La poésie m'a fait délaisser une de mes principales fonctions sur ce blog : la publication de chromolithographies anciennes, la plupart de la Belle Époque et dont nous avons déjà réuni une collection fameuse. Je vais essayer de reprendre petit à petit le cours des choses. Pour commencer, voici une série de six chromos, datant de 1929 et illustrant des vues pittoresques de villes et de villages du Royaume-Uni : Borwick (Lancashire), Leominster (Herefordshire), Ombersley (Worcestershire), Steyning (Sussex), Tarring (West Sussex) & Woodhouse (Herefordshire). Deux autres séries suivront ultérieurement, datées de 1936 (12 vues) et de 1939 (50 vues).
Borwick is a village and civil parish in the City of Lancaster district of Lancashire, England, about 8 miles north of Lancaster, on the Lancaster Canal. It is situated just south of the border with Cumbria. Borwick had until 1960 a station on the former Furness and Midland Joint Railway now Leeds to Morecambe Line. The parish of Borwick had a population of 210 recorded in the 2001 census.
Leominster is a market town in Herefordshire, England, and is located at the confluence of the River Lugg and its tributary the River Kenwater, approximately 12 miles (19 km) north of the city of Hereford and 11 miles (18 km) south of Ludlow. With a population of approximately 11,700 people, it is the largest of the five towns in the county that surround the City of Hereford.
The village of Ombersley is in the Wychavon District Council area of Worcestershire. The first known reference to the village was the granting of a Charter to Abbot Egwin, later Saint Egwin, of Evesham Abbey in 706 AD. This was the Charter of King Æthelweard of the Hwicce, which granted twelve cassates in Ombersley to the Benedictine Abbey at Evesham.
West Tarring, Sussex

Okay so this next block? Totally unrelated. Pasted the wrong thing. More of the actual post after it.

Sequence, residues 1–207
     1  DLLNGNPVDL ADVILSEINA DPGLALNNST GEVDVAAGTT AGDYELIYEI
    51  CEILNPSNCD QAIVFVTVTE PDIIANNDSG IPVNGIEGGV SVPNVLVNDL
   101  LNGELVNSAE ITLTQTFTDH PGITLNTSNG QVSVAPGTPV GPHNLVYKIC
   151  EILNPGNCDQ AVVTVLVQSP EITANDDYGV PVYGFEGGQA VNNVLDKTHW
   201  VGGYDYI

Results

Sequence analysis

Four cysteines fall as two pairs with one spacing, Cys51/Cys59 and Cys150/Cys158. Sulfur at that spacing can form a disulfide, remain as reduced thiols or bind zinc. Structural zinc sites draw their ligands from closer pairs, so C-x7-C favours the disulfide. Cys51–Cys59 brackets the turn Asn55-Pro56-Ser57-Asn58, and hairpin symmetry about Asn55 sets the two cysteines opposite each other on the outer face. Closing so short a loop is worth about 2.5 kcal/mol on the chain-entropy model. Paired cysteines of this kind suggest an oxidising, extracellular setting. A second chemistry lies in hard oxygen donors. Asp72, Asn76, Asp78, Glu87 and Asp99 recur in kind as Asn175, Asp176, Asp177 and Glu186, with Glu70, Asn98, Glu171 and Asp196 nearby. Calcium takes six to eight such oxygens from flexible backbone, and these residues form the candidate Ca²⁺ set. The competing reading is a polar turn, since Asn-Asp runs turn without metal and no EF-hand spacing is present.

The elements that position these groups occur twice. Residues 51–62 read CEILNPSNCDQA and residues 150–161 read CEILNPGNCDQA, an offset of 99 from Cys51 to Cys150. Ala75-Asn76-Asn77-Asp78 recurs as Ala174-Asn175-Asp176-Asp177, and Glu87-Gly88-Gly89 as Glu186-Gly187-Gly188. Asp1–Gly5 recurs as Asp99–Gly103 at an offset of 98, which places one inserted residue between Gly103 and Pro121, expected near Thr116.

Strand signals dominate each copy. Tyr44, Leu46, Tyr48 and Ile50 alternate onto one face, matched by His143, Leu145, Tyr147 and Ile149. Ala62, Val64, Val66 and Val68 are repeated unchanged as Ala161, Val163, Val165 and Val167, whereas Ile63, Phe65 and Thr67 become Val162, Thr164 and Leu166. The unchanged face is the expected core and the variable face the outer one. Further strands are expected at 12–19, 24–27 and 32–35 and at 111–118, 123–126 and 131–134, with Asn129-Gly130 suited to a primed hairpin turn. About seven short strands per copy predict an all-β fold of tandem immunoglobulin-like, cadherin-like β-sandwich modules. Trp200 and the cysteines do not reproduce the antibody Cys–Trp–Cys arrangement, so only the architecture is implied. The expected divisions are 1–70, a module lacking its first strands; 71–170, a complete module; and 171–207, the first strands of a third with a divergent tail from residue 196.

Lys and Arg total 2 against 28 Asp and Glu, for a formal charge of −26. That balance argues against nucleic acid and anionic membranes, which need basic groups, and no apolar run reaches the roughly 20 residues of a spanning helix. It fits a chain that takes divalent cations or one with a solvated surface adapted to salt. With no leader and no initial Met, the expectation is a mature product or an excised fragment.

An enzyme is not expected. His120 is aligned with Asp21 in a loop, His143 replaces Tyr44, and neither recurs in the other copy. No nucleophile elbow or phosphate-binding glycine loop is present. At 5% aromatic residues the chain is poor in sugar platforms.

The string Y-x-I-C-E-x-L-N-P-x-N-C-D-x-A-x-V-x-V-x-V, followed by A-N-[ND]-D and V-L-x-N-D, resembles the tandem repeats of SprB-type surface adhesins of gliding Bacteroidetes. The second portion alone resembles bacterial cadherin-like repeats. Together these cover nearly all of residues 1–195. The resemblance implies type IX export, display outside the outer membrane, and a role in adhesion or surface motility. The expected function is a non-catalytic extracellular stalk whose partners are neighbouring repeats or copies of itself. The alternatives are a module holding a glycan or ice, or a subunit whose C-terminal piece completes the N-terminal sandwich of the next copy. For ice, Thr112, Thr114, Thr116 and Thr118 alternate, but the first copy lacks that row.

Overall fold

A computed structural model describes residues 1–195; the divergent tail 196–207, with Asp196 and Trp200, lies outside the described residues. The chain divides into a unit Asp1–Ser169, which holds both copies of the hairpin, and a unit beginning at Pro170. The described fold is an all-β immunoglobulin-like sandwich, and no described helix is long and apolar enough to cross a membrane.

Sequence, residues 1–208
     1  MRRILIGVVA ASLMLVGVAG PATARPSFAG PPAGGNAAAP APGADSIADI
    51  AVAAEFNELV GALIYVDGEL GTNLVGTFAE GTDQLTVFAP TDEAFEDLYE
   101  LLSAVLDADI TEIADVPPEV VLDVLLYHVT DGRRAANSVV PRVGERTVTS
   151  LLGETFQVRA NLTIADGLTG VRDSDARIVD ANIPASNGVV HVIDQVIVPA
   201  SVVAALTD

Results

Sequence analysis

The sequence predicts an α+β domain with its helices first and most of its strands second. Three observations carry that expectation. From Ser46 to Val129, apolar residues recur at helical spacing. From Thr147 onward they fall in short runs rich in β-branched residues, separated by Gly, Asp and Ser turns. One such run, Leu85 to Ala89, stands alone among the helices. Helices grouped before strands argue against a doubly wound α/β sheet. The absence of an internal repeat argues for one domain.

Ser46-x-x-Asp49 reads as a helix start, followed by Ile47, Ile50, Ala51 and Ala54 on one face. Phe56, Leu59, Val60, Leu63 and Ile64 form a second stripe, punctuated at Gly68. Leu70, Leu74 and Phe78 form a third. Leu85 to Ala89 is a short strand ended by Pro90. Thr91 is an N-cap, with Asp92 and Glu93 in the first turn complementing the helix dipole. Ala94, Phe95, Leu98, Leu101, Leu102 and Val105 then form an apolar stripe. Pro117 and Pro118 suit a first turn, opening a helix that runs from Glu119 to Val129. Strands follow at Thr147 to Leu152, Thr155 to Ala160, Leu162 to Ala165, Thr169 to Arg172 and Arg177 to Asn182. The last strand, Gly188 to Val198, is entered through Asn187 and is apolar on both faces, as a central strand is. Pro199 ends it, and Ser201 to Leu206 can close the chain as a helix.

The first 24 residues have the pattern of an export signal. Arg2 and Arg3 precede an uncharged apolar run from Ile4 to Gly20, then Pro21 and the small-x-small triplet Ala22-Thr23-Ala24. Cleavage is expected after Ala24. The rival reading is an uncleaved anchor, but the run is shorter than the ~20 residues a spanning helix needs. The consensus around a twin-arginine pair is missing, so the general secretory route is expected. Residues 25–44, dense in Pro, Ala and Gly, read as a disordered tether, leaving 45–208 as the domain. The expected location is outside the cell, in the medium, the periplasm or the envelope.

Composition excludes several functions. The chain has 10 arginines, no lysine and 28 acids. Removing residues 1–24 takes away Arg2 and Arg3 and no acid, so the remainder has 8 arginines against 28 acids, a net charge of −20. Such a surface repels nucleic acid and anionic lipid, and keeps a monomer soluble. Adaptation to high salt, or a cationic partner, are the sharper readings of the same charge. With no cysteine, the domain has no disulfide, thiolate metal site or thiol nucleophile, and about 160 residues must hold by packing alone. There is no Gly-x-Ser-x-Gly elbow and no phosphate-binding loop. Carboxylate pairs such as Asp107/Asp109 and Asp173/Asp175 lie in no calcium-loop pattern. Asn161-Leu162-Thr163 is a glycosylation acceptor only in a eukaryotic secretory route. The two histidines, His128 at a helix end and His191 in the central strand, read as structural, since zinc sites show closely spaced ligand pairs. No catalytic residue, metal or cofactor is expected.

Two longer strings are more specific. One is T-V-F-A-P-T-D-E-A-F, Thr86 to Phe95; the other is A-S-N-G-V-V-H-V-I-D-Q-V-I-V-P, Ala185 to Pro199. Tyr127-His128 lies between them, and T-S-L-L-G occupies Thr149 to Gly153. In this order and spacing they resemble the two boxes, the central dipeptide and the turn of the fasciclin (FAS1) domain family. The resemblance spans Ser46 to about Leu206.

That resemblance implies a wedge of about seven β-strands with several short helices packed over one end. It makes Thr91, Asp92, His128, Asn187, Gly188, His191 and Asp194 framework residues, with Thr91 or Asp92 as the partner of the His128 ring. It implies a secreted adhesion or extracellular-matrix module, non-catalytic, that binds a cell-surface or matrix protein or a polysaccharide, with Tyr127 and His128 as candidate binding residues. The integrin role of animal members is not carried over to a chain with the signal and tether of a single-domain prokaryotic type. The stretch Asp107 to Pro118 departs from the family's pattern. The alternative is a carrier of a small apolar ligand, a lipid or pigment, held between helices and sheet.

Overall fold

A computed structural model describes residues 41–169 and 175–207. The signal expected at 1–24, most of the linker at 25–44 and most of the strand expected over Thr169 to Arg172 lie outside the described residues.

West Tarring is a neighbourhood of the Borough of Worthing in West Sussex, England. It lies on the A2031 road 1.2 miles (1.9 km) northwest of the town centre. It is officially called West Tarring or, less commonly, Tarring Peverell, to differentiate it from Tarring Neville near Lewes, but is usually called just "Tarring" (pronounced "Ta-ring", not "Tar-ring"). During the time of the Domesday Book in 1086, the village was known as Terringes. It is thought that the place name means 'Teorra's people', with Teorra being a Saxon settler.
Thomas Lewis founded his Hereford herd at The Woodhouse, Shobdon, Herefordshire in 1822, 24 years before the publication of the first Hereford Cattle Herd Book. Many animals were exported from The Woodhouse Herd especially to the United States of America in the boom years of the 1880s, although Hereford cattle had first been introduced to the country in either 1816 or 1817. Amongst the 1880s sales was Woodhouse Dowager 6th whom Messrs. Gudgell & Simpson bought, along with Anxiety 4th, in 1881 and became the cornerstone of the Hereford breed's presence in the US. The policy of Gudgell and Simpson was to line breed their early imports, and their most notable achievement was the breeding of Prince Domino in 1914: he was probably the greatest bull in the early development of the North American Herefords. There were at least eight crosses of Woodhouse Dowager 6th in the pedigree of this bull.
Sources des légendes : Wikipédia